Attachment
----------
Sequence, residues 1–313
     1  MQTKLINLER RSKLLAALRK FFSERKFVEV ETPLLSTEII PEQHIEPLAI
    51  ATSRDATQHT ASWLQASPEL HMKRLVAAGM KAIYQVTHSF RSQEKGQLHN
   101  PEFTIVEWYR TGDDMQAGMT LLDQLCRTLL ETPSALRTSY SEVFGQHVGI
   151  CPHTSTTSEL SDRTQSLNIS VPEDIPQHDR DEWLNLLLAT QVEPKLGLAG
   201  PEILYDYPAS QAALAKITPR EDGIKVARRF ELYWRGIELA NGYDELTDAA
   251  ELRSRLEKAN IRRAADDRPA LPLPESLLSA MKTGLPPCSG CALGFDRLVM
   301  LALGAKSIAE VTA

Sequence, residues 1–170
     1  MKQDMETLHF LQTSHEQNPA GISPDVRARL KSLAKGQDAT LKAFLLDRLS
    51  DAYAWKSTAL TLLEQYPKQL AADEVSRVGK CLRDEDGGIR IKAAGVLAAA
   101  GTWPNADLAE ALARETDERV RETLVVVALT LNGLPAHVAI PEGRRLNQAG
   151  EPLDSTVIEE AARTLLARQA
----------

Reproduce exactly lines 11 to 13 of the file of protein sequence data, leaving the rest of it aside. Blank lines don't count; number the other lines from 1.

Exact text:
    51  DAYAWKSTAL TLLEQYPKQL AADEVSRVGK CLRDEDGGIR IKAAGVLAAA
   101  GTWPNADLAE ALARETDERV RETLVVVALT LNGLPAHVAI PEGRRLNQAG
   151  EPLDSTVIEE AARTLLARQA